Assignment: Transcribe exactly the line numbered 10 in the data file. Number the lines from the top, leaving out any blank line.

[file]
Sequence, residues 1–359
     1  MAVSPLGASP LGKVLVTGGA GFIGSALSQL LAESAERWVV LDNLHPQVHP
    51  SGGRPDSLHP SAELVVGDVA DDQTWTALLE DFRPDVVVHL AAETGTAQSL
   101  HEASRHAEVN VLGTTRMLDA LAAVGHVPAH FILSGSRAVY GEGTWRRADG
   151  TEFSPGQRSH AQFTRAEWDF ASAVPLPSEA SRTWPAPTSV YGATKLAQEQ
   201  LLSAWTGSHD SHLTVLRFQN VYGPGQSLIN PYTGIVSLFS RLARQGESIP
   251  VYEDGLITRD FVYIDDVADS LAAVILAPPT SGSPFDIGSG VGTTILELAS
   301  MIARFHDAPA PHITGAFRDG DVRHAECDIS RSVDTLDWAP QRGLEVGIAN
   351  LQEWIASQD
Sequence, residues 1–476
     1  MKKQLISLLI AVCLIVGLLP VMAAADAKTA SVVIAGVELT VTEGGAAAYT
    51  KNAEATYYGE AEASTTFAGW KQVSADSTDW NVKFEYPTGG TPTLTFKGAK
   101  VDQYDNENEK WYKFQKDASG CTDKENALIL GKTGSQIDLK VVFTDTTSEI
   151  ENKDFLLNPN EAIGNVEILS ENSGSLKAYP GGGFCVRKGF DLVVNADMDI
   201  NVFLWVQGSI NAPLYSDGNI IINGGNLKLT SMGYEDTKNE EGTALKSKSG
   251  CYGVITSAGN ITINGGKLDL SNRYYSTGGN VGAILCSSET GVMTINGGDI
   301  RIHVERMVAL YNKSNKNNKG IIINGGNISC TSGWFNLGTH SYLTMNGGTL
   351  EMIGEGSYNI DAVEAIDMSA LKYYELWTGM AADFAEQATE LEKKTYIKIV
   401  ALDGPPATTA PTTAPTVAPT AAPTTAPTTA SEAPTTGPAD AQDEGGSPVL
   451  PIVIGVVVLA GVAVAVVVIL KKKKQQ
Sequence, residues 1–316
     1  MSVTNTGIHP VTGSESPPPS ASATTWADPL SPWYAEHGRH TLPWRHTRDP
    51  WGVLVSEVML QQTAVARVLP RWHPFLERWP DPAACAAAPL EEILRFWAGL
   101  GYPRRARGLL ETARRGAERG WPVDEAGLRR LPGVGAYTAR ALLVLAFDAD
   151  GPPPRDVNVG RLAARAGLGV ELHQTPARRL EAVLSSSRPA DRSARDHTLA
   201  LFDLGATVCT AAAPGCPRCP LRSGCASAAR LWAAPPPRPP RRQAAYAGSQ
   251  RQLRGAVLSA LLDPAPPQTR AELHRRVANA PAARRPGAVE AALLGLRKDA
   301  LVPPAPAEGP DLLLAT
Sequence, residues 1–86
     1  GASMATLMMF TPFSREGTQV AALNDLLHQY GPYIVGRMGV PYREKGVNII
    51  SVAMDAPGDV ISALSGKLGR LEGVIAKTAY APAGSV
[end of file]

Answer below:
Sequence, residues 1–476